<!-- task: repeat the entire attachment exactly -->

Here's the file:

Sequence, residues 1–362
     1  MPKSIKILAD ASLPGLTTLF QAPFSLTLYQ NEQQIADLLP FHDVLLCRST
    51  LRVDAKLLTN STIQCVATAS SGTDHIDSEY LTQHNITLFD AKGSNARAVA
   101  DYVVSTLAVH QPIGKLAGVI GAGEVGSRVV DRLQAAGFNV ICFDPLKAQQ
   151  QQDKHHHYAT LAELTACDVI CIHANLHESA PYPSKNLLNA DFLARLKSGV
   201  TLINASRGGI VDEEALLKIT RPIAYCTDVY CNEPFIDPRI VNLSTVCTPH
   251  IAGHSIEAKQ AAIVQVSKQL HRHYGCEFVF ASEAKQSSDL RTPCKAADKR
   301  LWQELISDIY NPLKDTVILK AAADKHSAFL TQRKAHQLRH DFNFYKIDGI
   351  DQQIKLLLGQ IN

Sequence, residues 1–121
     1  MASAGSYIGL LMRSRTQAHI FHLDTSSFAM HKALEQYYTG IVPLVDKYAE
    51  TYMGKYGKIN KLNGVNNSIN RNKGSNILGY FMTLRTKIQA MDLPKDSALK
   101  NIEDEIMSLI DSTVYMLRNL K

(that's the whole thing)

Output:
Sequence, residues 1–362
     1  MPKSIKILAD ASLPGLTTLF QAPFSLTLYQ NEQQIADLLP FHDVLLCRST
    51  LRVDAKLLTN STIQCVATAS SGTDHIDSEY LTQHNITLFD AKGSNARAVA
   101  DYVVSTLAVH QPIGKLAGVI GAGEVGSRVV DRLQAAGFNV ICFDPLKAQQ
   151  QQDKHHHYAT LAELTACDVI CIHANLHESA PYPSKNLLNA DFLARLKSGV
   201  TLINASRGGI VDEEALLKIT RPIAYCTDVY CNEPFIDPRI VNLSTVCTPH
   251  IAGHSIEAKQ AAIVQVSKQL HRHYGCEFVF ASEAKQSSDL RTPCKAADKR
   301  LWQELISDIY NPLKDTVILK AAADKHSAFL TQRKAHQLRH DFNFYKIDGI
   351  DQQIKLLLGQ IN

Sequence, residues 1–121
     1  MASAGSYIGL LMRSRTQAHI FHLDTSSFAM HKALEQYYTG IVPLVDKYAE
    51  TYMGKYGKIN KLNGVNNSIN RNKGSNILGY FMTLRTKIQA MDLPKDSALK
   101  NIEDEIMSLI DSTVYMLRNL K